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Learning from two contrasting big growth economies

THIS IS A TALE of two countries: China and India. Both are nations of well over one billion people each and both have been growing strongly at over eight per cent per year for the last 10 years or so and each has been creating huge new business opportunities and a substantial new middle class.

 

The transformation of what was a rural economy where people lived mostly off the land to an urban economy where the people provide the goods and services to service the global economy has been remarkable. It’s as if 200 years of their industrial revolution is being compressed into a few decades.

 

I’ve had the opportunity to look at both of those countries this year. In China I visited Chendu, Chongking, Shanghai, Xian and Beijing, amongst other cities. In India I went to Delhi, Bangalore and Mumbai.

 

I discovered that, although the growth rates may be similar, the two economies were developing in dramatically different ways.

 

In China, the growth is coming from the development of manufacturing, where huge quantities of effective people can very quickly be hired for production jobs. Whereas in India, the growth is coming from the fact that many educated Indians have excellent English skills, having been taught in English from primary school onwards. As a result, the main developments are in the service industries, where call centres and back office processing prevail.

 

And, of course, India is a democracy and China isn’t. As a result, the Chinese don’t really have to worry about planning regulations or even whether the people agree with the actions being taken — they just do it anyway. The Three Gorges Dam, completed earlier this year, is currently raising the Yangtse by 185m, drowning 1300 archaeological sites and displacing 1.3 million people. I saw several completely new cities which have been built ‘up the hill’ from the former dwellings which are now being flooded.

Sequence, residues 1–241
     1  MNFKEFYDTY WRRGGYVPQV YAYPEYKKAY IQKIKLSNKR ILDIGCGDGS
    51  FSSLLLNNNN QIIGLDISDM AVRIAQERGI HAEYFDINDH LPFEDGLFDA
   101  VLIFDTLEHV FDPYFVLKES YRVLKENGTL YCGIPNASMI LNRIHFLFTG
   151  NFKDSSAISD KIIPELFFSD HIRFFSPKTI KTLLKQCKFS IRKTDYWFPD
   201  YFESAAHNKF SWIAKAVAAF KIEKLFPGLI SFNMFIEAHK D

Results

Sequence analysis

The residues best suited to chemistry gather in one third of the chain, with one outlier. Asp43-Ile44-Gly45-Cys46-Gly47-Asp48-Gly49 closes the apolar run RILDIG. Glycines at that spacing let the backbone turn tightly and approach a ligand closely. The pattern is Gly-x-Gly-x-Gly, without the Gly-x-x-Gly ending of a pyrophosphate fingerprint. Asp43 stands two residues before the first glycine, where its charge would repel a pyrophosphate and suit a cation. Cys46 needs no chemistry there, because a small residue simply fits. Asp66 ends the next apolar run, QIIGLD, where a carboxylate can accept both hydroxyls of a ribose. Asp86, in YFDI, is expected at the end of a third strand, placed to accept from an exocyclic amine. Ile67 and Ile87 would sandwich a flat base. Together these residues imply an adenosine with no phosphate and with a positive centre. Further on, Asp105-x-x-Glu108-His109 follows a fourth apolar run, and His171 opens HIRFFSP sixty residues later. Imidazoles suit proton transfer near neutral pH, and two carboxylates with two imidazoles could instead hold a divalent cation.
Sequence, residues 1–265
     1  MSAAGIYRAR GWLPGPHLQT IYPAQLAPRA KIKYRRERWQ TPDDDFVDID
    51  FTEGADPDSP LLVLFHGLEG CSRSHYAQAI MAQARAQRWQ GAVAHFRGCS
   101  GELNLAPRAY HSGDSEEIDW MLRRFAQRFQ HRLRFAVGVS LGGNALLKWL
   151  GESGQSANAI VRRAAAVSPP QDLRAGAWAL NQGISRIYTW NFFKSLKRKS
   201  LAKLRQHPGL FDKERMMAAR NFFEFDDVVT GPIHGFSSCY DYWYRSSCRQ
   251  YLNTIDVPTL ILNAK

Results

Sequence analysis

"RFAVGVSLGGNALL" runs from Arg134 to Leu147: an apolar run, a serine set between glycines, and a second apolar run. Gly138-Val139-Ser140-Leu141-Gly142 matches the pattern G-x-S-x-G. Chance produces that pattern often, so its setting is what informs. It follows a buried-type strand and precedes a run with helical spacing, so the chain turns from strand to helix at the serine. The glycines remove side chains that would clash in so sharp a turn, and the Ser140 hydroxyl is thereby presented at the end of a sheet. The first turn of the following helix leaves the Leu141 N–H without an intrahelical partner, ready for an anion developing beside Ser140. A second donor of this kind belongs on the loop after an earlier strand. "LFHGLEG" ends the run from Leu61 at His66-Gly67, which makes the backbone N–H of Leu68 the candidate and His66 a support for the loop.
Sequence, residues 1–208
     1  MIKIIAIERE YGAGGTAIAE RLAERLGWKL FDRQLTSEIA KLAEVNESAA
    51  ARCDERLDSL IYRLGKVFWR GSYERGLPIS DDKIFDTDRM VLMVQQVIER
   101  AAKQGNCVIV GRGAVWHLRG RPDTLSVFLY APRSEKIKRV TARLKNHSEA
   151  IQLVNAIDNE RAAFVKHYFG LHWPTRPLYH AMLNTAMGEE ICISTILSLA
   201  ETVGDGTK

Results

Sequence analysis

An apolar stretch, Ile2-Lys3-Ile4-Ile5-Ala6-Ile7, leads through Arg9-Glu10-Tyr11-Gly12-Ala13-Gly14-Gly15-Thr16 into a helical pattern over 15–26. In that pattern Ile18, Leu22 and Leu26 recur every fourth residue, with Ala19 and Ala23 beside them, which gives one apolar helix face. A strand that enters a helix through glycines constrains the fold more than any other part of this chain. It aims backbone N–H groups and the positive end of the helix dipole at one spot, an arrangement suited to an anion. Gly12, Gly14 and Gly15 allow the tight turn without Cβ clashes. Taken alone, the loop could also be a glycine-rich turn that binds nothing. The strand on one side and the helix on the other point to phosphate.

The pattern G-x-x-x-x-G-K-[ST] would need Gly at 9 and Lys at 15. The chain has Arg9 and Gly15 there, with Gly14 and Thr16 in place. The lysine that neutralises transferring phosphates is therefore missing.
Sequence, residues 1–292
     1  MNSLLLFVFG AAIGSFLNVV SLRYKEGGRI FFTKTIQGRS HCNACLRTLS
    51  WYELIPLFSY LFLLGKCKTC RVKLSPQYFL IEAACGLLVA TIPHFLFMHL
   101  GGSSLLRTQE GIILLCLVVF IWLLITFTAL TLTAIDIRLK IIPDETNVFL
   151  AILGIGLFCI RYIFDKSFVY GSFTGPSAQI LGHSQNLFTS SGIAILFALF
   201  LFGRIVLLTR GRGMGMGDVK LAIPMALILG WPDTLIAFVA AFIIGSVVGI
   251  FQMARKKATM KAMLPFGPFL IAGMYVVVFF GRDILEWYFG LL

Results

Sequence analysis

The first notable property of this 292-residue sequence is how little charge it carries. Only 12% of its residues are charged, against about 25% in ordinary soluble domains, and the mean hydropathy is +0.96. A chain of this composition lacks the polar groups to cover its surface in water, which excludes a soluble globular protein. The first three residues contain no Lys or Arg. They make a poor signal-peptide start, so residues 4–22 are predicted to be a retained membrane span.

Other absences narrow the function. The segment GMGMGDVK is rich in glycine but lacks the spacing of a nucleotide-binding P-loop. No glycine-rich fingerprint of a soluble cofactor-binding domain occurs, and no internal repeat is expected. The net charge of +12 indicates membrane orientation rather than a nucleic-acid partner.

Everywhere I went in China I saw massive infrastructure projects, with new bridges and roads being built, and everybody I saw was relatively prosperous and well dressed. The contrast with India could not be more startling. The infrastructure in India is completely failing, the roads are in terrible condition and are often taken over by bullock carts, even wandering ‘sacred’ cows. It takes hours and hours to get anywhere.

 

The modem economy is not embedded across Indian society, but confined to specific, separate business ‘campuses’ with finely kept lawns, fountains and everything that the workers could require, like in-house branches of Pizza Hut.

 

Outside of these islands of western-style economy is an ocean of third-world poverty. There are more people living in shanty town accommodation without access to running water, sewerage, or electricity in Mumbai than there are total inhabitants in the whole of Scotland — over six million of them.

 

It does make you wonder about the basis of democracy. There is no doubt that the average Chinese citizen is getting much more prosperous without democracy and the average Indian is stuck largely in poverty with a democratic system in place. It would be difficult to argue for democratic development in China under the circumstances.

And what are the lessons for Scotland?

 

Routine processing work will continue to transfer to India and manufacturing will continue to switch to China. In comparison, our tiny country will have to become a much more educated, more creative and more innovative place to survive in the new global economy. 

 

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